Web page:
This week, Action Mary Managing Partner Patrick McGuire presents a two-part recounting of his relationship with Pride.
Once upon a time, and a very good time it was.
Living in the past is not, and never has been, a successful way to live. But taking a quick look at the past, just a glance back in time can often lift the soul. Life is a continuum. The person I am now is a result of the boy and man I was.
June is Pride month. So I looked back and found my own path to pride. Here are some pictures of a revolution. Names have been changed to save me from lawyers.
Climb Every Mountain
The Sound of Music changed my childhood singing aspirations forever. Mary Poppins had become Maria von Trapp and she was now a singing nun just like Debbie Reynolds.
Even my father belted out “Climb Every Mountain” while shopping for groceries at the A&P. It was more than my gay siblings and I could take. We hid in the produce aisle. Maria’s voice was everywhere that year. My musical gay brother and I practiced The Sound of Music stealthily in our basement.
My father, a tipsy Irishman of the family quartet variety, sang in the church choir. He was our inspiration. My brother and I were natural devotees of singing nuns, initiated in Catholic grade school by the inimitable Sister Yvonne la Blanc, who in the early years taught us scales on the piano, and later, inducted us into grade school musicals. Ultimately, we graduated to TV sitcoms and vinyl record sing-alongs. Our neighbors decided that there was no fighting it. So they joined.
One of our best grade school musical co-stars and childhood friends—also gay—sang Karen Carpenter on his brother’s guitar amplifier for the whole neighborhood to hear while we sang backup. We longed to be close to you.
We took organ lessons mastering Disney musicals and the Cole Porter fake book (You’re the Top!). We sang mock opera. But once we realized the social liability of such flagrantly gay behavior, it was back into the closet until the better part of identity prevailed.
Today, of course, children of all persuasions are increasingly supported by a far more evolved parenting community. But in those days, singing along with Maria von Trapp was a recipe for shame and ridicule. But I never forgot that fledgling nun.
As anthems go, “Climb Every Mountain” achieves greater levels of human inspiration than perhaps any other musical composition. What could be more proactively gay than, “follow every rainbow, till you find your dream?” And who could ever out-perform the great Peggy Wood as mother superior?
Just a few years after The Sound of Music was released to an adoring public, riots broke out in New York City at the Stonewall Inn. I was barely a teenager.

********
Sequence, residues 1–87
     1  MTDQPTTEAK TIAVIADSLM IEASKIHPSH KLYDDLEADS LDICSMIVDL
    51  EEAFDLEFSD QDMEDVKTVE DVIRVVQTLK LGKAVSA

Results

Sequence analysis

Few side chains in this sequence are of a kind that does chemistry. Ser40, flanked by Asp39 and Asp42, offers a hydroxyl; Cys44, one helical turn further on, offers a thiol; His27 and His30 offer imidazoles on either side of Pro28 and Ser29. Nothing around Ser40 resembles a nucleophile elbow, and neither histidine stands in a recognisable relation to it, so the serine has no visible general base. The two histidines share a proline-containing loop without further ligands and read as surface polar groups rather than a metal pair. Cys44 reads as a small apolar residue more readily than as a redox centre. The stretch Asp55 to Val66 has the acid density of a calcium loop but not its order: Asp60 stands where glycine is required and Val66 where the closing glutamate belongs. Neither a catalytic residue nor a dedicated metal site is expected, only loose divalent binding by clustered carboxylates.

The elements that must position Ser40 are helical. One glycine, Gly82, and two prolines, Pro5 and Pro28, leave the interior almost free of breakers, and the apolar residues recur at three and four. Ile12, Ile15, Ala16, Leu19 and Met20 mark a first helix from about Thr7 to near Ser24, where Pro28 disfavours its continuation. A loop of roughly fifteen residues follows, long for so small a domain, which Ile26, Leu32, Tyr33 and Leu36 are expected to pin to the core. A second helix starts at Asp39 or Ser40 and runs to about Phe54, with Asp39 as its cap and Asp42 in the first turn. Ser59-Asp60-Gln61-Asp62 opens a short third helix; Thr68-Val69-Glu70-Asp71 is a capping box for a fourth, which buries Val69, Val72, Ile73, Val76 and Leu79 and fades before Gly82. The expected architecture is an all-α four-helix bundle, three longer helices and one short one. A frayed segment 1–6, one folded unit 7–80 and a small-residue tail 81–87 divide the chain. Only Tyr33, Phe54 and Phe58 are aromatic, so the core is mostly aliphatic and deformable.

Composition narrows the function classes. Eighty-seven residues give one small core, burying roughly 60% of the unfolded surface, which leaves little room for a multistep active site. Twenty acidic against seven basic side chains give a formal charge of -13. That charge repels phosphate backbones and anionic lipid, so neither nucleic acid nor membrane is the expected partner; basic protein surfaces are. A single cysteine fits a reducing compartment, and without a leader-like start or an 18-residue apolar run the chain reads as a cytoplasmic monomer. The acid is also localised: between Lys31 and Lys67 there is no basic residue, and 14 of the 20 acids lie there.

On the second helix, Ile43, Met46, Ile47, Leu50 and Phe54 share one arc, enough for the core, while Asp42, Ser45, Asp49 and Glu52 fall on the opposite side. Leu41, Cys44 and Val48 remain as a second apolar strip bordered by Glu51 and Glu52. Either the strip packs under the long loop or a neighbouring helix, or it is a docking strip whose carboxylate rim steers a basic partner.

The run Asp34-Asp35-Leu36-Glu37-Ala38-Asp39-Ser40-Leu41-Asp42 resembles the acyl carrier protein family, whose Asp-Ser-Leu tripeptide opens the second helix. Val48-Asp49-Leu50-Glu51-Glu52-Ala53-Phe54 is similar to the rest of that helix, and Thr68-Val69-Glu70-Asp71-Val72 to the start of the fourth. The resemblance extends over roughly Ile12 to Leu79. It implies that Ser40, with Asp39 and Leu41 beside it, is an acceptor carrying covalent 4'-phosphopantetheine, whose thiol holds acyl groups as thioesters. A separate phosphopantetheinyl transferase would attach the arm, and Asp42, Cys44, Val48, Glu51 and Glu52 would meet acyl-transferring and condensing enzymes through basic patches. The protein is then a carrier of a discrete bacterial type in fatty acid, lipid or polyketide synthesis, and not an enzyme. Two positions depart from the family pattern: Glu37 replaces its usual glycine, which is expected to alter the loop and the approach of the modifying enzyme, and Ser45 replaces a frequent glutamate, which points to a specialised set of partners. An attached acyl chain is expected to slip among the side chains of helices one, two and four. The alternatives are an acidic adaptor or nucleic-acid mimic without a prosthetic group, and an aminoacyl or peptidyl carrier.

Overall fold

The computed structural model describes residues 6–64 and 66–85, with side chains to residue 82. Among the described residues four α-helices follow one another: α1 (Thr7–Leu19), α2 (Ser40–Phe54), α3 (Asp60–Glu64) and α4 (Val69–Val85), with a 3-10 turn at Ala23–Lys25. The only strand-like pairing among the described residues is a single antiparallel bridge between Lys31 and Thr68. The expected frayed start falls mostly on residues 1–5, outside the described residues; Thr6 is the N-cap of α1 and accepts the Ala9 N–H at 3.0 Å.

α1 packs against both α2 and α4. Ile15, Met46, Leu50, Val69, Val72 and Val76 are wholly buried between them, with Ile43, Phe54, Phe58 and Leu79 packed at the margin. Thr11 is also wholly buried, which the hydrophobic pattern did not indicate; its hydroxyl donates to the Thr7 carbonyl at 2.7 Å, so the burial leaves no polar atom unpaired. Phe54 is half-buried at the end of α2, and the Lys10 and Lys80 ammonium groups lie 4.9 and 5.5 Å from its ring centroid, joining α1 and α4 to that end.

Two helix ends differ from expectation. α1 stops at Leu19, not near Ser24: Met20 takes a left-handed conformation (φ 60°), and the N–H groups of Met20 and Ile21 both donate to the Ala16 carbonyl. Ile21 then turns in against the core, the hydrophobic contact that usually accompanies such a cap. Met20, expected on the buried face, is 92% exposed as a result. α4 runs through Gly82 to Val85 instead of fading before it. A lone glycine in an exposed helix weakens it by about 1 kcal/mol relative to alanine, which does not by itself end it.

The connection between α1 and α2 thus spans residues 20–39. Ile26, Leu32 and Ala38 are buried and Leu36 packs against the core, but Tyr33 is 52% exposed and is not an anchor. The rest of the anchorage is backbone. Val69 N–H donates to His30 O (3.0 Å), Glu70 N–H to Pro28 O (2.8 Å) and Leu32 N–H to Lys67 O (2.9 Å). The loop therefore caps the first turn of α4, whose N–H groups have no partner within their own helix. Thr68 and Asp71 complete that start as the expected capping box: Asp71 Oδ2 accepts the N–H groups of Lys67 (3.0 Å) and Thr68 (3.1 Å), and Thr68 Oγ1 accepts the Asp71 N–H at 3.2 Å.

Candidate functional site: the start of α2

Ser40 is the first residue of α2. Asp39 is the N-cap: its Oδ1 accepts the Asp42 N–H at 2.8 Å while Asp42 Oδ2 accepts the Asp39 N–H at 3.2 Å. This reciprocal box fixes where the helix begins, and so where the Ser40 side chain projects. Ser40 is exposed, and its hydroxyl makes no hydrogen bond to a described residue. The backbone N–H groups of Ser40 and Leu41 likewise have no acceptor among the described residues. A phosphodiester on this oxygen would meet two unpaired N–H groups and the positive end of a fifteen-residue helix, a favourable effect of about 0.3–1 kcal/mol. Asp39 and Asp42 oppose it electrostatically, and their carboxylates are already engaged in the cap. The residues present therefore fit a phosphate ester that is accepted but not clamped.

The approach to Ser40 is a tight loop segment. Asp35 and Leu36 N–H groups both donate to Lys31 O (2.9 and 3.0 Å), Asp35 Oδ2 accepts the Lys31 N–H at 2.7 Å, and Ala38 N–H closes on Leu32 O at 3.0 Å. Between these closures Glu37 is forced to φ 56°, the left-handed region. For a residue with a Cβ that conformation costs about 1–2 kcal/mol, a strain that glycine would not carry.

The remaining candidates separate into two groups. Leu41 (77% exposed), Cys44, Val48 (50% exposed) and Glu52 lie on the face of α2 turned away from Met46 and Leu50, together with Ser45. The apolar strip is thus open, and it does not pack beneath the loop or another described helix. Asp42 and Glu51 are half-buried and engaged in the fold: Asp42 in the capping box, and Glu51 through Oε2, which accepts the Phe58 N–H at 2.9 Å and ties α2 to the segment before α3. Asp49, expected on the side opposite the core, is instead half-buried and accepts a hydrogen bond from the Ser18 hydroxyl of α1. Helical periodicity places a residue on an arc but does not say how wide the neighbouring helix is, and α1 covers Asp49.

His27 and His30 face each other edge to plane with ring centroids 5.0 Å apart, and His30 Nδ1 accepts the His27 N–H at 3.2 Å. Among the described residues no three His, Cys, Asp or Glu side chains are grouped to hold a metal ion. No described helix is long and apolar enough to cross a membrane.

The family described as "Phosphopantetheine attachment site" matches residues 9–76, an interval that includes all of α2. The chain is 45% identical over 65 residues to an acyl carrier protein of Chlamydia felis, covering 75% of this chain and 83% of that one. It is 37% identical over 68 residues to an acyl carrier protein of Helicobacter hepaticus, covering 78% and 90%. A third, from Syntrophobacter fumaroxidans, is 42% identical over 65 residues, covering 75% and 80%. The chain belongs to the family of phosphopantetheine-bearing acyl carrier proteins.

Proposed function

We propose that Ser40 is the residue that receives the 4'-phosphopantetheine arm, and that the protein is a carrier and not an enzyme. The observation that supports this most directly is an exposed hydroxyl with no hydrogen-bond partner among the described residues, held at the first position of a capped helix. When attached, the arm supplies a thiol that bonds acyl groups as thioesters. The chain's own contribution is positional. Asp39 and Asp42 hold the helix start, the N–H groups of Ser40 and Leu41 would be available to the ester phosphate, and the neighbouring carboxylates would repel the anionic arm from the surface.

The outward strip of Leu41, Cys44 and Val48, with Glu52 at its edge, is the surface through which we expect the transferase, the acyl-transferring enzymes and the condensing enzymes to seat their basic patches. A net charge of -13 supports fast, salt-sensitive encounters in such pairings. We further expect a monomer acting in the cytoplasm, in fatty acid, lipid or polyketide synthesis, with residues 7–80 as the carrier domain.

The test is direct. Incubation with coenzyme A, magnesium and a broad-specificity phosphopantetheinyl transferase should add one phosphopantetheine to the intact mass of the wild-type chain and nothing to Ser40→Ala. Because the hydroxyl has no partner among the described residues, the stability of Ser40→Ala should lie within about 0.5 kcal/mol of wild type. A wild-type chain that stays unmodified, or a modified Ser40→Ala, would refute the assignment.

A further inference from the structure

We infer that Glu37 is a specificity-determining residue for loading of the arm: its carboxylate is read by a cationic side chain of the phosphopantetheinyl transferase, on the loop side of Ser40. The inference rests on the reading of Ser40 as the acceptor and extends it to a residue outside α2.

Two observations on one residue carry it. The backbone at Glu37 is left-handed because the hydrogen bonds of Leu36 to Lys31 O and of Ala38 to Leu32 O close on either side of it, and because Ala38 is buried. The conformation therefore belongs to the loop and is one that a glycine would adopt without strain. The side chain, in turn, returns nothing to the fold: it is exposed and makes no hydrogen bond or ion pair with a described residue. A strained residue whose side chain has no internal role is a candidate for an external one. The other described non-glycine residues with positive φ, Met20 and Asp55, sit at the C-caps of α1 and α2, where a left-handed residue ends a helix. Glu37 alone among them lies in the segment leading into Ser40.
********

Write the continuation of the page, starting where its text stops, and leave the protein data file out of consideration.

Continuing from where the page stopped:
Gay Vegetarian Collective
Life entering Berkeley started when I answered a classified ad at the campus housing office. Gay Vegetarian Collective radiated from the bulletin board like glitter. I was about to officially come out.
You had to audition to get into the Collective. It was 1976, disco and punk had overpowered Patchouli and flannel, and Berkeley was stuck in a radical time warp. I decided to play up my Italian afro and downplay my Calvin Klein sheets. In short, I went hippie gay not metro gay. No modern furniture. No culinary flair (which never mattered since most reasonable foods in The Collective were banned).
To my delight, I was chosen from a raft of contenders, and my four-year boot camp in sexual liberation began. Our house became a gathering place for loud mouth feminists and gays, and an incubator for art and design thanks to a few of us who were committed to chasing trends (and using deodorant).
We took turns shopping at the local co-op and making vegan meals for each other, long before it was fashionable. We studied our asses off, hoping to graduate from one of America’s great universities.
Naturally, I was more interested in picking up the latest trick. I signed up for yoga, modern dance, master’s swim team, and weight training, to meet young gay coeds just like me. Three part-time jobs didn’t deter me from finding time for dating.
Entertaining a new boyfriend in the basement of a childcare facility I’d been hired to clean turned to debauchery late one evening. I was dismissed by the Childcare Director the next day. She described a large crowd outside the facility peering through a downstairs window. They were watching Chip and I mop the floors, drunk and undressed, tossing beer cans as we went, and performing various forms of gymnastics.
I was living a dream. Sexual liberation and the right to be left alone thrived in a decade that celebrated newfound civil rights for gay men. None of us had the capacity or imagination to forecast the coming storm.
Read Part Two here.